A Woman Called Fancy Should Be Called Foolish

On page two of A Woman Called Fancy, Frank Yerby tells us that Fancy is the first Williamson  in seven  generations to learn to read and write — and that she is entirely self taught.  If you can swallow that, you’ll think this novel is peachy keen.

Fancy is a raven-haired knockout with a bodice begging to be ripped. She flees her Carolina hills home in 1880 at the age of 19 rather than marry a 65-year-old farmer.

In Atlanta, Fancy is pursued by dastardly Duke Ellis, politician Jed Hawkins, and snake-oil salesman Wyche Weathers. Weathers gives her a job dancing in his sideshow.

Appearances to the contrary, Fancy is a woman of virtue, intellect, and moral purity, according to Yerby. She’s not over-strict about killing, but she draws the line at marrying without love.

Fancy loves temperamental, self-centered, arrogant Courtland Brantley, who also happens to be in love with his brother’s wife.  She sobers him up long enough to marry her.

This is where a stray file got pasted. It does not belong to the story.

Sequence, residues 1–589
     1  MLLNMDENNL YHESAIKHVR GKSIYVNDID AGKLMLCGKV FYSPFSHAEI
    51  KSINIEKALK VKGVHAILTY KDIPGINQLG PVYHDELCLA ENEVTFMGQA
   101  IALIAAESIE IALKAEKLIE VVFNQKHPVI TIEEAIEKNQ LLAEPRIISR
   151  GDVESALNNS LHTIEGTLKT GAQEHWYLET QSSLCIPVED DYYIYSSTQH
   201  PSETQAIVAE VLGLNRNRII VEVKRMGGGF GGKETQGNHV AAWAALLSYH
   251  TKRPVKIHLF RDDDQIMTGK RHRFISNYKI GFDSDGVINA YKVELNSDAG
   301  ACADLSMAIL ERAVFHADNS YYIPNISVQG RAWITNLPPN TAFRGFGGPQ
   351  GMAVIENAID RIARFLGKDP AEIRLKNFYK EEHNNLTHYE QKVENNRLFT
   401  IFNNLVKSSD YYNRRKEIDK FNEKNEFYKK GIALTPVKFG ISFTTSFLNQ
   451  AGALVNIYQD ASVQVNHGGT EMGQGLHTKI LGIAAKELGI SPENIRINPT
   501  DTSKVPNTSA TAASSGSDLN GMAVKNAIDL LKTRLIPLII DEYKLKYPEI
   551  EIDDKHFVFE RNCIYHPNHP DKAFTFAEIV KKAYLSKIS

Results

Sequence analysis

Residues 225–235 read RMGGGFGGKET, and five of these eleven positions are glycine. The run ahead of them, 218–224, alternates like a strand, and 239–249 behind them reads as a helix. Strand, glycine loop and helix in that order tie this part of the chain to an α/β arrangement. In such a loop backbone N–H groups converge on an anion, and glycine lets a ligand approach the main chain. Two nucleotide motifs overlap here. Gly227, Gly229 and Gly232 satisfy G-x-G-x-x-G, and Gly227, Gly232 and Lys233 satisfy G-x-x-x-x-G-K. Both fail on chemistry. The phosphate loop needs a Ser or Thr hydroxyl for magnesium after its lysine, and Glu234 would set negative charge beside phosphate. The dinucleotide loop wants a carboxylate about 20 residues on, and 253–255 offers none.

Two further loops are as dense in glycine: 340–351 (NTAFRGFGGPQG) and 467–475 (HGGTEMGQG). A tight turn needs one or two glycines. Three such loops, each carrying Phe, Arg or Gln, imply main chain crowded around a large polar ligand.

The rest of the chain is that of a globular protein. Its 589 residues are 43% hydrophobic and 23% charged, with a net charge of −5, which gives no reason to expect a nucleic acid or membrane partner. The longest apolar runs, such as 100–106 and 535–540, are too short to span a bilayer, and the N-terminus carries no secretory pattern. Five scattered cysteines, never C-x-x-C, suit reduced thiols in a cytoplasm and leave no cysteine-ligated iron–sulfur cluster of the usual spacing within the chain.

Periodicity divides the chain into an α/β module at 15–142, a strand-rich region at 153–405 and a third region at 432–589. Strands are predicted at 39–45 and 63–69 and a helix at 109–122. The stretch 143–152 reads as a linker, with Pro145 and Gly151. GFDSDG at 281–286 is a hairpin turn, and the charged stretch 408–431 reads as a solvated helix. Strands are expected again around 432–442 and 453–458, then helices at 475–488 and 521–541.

When Court realizes there’s not a stitch ripped in Fancy’s bodice that he didn’t rip himself, he’s in jail for murder. Of course, Fancy fixes even that.

Poor Yerby has given readers Fancy, when they required Plausible.

A Woman Called Fancy
By Frank Yerby
Dial Press, 1951
340 pages
My grade C+

© 2011 Linda Gorton Aragoni


2016-01-09 Corrected first name of Fancy’s husband.

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Linda Aragoni

I read. I write. I think. I make big ideas simple. I help teachers teach expository writing to teens and adults. In my free time, I read and review old novels.

2 thoughts on “A Woman Called Fancy Should Be Called Foolish”

  1. Jeez…. lighten up OK? Frank Yerby was writing a work of fiction here, not redefining a genre. He also happened to be a fantastic writer! Plus Brantley’s first name is Courtland, not Courtney. One who writes reviews should at least get names of characters right, don’t you agree?

    Like

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